Gallery: Two-week international exercise clears up 127 maritime explosives

An international mine-clearing operation in Estonian waters ended Thursday. Over 120 pieces of ordnance, the bulk of them dating from World War Two, were discovered and disposed of during that time. Various shipwrecks were also discovered during the exercise.

Of the 127 pieces of ordnance found during the exercise, dubbed Operation Open Spirit 2021, 93 were German World War Two-era sea mines, while seven unexploded torpedoes from the same war, and other ordnance, were located.

Primary combatants during the war at sea in the Baltic 1939-1945 were Nazi Germany and the Soviet Union, both of which occupied Estonia at various times, as well as Finland and, early on in the war, Poland. While neutral, Sweden's navy and merchant marine was also active in the area. Older ordnance, wrecks and other detritus from the Estonian War of Independence, World War One and even earlier is also sometimes discovered, while the Soviet Union ringed much of Estonia's coastline with sea mines during its occupation of the country.

A total of just under 200 sq km of sea was surveyed, while the wrecks of both vessels and planes were found by the navies involved (see gallery).

The Estonian Navy (Merevägi) forwards details on such wrecks, including their precise location and any sonar images taken, to the relevant authorities.

These are in the first instance the Transport Board (Transpordiamet) from a practical side, and the National Heritage Board (Muinsuskaitseamet ) from the historical value perspective.

A Belgian Navy minesweeper, the Crocus, emerged "winner" in the exercise, having found a total of 24 pieces of ordnance, just one more than the Merevägi's own ENS Ugandi.

In the weeks and months preceding Open Spirit, the Ugandi had taken part in exercises with the Standing NATO Mine Countermeasures Group One (SNMCMG1), along with allied vessels. The group even took the opportunity to visit one of Estonia's many islands, during the exercise.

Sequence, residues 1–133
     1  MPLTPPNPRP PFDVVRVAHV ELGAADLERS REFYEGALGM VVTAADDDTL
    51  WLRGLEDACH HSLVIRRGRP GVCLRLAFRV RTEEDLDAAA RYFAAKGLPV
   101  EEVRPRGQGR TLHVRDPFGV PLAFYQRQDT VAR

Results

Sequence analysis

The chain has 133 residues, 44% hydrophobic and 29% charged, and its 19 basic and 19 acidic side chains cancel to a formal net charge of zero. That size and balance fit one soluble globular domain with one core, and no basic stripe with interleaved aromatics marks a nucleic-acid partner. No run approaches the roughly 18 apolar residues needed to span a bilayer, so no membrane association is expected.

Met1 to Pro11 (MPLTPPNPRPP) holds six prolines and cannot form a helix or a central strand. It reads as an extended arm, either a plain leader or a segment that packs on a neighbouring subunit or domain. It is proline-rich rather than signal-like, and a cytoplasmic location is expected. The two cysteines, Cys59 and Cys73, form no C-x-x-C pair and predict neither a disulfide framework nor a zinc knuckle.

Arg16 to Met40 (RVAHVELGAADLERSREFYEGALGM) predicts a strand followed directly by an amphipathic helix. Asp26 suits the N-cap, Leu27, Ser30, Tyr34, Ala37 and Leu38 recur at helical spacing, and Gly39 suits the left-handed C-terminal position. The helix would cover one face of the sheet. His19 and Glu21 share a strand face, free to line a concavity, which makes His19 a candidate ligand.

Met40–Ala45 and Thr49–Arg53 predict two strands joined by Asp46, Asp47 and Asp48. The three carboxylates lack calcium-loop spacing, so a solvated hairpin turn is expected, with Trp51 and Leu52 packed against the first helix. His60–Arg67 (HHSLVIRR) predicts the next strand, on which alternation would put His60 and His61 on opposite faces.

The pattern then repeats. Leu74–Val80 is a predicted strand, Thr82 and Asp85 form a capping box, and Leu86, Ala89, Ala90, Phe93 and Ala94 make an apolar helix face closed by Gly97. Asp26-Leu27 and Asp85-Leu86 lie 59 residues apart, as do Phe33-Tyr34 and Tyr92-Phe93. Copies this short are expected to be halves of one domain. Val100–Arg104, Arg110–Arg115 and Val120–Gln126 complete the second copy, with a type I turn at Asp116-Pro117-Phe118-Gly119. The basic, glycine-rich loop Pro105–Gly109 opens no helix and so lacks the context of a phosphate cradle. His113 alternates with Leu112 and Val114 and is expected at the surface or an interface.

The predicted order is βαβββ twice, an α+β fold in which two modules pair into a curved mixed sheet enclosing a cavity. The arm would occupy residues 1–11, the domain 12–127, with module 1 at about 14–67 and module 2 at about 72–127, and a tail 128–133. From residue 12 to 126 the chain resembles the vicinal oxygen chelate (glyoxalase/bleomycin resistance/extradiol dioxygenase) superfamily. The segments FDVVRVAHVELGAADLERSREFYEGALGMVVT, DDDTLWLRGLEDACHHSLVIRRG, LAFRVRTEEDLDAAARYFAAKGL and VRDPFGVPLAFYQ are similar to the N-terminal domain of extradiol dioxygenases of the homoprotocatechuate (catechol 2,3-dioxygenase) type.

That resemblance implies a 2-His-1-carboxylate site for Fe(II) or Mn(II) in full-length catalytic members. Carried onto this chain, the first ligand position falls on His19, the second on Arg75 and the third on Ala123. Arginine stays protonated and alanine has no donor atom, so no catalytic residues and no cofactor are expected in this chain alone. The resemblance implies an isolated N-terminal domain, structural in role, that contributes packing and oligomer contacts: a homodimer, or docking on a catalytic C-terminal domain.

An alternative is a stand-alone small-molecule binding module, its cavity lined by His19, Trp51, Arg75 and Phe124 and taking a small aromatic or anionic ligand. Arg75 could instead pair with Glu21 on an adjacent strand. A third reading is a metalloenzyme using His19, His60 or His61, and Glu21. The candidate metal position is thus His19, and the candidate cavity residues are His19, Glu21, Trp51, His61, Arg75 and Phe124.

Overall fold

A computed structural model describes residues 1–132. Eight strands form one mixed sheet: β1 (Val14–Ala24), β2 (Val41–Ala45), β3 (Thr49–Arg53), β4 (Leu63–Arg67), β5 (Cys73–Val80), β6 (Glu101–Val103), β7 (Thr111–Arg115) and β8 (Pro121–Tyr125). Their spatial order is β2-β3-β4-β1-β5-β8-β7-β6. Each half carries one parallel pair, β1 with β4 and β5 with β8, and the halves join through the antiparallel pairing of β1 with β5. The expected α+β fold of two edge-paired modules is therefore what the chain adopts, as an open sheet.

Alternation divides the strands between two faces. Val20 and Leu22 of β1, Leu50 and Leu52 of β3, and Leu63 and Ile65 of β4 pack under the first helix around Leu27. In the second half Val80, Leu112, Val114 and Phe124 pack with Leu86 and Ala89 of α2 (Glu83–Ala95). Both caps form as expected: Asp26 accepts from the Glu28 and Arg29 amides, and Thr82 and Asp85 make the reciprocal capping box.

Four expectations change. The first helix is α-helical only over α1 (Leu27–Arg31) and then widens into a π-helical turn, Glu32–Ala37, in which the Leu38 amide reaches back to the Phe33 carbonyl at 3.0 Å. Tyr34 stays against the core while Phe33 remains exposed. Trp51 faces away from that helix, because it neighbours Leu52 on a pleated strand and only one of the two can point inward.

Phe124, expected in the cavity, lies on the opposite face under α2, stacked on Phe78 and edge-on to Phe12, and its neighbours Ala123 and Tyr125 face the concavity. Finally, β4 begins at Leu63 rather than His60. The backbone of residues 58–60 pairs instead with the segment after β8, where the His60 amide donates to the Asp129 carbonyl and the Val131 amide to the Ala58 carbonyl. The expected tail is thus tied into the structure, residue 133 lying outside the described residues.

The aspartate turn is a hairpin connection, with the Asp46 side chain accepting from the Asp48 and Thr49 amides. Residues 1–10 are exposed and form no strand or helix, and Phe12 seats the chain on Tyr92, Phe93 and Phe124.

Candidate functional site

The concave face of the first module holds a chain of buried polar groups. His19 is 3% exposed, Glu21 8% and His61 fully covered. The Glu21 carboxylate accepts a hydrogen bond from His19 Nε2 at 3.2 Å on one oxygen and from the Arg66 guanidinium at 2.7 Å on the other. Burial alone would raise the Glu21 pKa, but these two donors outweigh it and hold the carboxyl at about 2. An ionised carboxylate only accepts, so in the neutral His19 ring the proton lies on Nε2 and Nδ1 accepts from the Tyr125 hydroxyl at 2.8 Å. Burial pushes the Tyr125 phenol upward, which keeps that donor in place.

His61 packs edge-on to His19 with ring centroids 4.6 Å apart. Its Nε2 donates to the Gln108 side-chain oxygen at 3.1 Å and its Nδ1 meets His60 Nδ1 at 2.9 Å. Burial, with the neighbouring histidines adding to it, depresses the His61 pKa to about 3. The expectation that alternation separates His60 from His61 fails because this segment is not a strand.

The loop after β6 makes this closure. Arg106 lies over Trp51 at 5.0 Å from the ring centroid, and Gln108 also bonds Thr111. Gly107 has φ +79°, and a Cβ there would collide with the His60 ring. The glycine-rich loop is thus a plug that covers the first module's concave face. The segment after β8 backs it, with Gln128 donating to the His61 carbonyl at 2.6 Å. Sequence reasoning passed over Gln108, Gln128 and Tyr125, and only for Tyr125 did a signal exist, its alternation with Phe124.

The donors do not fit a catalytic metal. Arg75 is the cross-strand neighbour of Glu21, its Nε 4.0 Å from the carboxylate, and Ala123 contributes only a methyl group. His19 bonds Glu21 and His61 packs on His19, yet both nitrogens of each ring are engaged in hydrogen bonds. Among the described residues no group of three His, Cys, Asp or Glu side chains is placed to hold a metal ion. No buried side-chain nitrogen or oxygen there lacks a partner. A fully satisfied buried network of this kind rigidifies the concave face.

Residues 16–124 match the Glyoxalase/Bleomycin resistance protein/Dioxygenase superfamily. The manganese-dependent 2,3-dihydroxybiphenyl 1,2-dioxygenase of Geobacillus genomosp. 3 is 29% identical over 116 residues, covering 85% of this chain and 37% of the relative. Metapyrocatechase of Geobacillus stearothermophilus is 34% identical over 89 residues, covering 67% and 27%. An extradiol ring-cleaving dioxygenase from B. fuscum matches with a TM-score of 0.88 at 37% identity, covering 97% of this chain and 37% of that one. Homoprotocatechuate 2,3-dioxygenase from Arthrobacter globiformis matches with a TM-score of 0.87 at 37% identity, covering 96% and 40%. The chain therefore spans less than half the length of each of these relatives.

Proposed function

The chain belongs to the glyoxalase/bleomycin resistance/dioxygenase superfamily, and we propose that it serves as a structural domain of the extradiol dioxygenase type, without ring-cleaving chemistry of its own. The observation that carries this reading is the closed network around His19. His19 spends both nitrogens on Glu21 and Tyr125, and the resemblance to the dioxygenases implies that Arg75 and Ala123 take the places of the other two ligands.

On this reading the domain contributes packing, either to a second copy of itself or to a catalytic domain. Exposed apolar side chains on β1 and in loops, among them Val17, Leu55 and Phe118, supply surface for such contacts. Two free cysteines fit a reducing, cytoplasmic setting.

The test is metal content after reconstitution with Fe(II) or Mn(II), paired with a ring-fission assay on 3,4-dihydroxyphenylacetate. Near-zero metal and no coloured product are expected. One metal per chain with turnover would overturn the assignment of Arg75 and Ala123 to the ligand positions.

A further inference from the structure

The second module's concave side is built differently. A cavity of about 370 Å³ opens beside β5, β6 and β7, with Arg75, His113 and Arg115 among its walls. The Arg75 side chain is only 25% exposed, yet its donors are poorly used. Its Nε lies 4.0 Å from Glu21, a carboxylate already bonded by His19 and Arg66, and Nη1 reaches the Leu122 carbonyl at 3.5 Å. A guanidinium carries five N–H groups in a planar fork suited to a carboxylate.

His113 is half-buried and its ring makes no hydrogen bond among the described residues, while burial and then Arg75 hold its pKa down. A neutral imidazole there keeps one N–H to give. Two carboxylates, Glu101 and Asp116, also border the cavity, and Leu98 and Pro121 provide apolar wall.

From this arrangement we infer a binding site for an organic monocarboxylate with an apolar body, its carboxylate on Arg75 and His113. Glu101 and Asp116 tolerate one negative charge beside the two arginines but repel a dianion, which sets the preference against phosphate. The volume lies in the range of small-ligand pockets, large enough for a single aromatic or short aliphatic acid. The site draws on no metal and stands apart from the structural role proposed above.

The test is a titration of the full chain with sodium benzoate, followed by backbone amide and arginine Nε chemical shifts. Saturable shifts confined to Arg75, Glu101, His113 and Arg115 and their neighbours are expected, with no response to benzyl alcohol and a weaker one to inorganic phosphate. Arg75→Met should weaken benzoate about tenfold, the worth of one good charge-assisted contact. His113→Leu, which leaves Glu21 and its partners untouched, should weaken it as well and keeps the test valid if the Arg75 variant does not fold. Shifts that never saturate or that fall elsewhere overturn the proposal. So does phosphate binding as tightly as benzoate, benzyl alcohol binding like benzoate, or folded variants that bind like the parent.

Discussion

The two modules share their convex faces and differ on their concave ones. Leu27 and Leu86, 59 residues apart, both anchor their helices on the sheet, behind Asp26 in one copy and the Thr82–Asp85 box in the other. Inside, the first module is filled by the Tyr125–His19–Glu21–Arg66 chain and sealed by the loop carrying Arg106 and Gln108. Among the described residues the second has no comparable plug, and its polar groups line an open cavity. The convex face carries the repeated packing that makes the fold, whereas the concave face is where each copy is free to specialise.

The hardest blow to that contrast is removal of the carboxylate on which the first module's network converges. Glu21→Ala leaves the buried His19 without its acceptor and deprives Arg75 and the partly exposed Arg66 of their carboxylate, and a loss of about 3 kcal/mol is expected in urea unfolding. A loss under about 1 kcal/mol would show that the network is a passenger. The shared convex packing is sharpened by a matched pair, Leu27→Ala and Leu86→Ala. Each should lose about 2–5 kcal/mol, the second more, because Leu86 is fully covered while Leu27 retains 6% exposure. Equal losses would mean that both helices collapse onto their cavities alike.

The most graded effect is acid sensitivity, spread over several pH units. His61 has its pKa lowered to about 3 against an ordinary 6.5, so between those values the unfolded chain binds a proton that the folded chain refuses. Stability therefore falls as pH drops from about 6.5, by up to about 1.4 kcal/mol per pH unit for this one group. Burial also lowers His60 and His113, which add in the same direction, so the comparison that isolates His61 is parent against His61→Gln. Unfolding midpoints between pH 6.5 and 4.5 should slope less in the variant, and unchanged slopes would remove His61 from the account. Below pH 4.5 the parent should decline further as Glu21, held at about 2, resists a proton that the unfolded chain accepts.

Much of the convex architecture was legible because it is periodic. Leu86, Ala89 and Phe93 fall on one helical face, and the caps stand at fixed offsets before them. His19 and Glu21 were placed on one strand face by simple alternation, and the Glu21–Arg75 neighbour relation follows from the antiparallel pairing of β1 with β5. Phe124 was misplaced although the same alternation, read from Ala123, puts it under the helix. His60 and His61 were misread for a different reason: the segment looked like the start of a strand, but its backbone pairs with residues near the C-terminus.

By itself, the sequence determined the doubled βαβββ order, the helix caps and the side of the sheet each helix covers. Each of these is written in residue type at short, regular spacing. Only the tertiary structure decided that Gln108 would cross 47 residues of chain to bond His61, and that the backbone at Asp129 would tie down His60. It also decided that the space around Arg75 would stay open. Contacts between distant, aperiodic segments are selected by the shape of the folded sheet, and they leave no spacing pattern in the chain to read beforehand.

Two other Merevägi ships were involved in Open Spirit, the mine-hunter, ENS Sakala, and the support vessel the ENS Wambola, as well as divers, headquarters staff and other personnel.

Overall commander of the operation, Lt. Gen. Mati Terve, said that while the 127 explosives cleared may not seem like a huge number given around 80,000 such items are though to still remain floating around the Baltic, the area covered had been large, and the operation had been a success.

A total of nine nations took part, along with Estonia, including nearest neighbors Latvia and Lithuania, Germany and the U.S., and around 900 sailors were involved.

As noted, Standing NATO Mine Countermeasures Group One (SNMCMG1) was also on hand, having arrived a couple of weeks earlier.

The civilian Police and Border Guard Board (PPA) also provided security patrols with its vessel, the General Kurvits.

Naval cooperation on mine removal between the three Baltic States is almost as long-standing as the three countries' restored independence, with Operation Baltic Sweep starting in 1995 and being renamed Open Spirit two years later.

Each of the three countries hosts the operation on a rotational basis. Estonia's previous last Open Spirit took place in 2018, twenty years after hosting it the first time.

The Merevägi is operationally a part of the Estonian Defense Forces, with mine-hunters and layers such as the Ugandi and the force's flagship, the ENS Admiral Cowan, forming the core of the fleet.

The navy recently took delivery of two locally-built patrol vessels.


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Editor: Andrew Whyte

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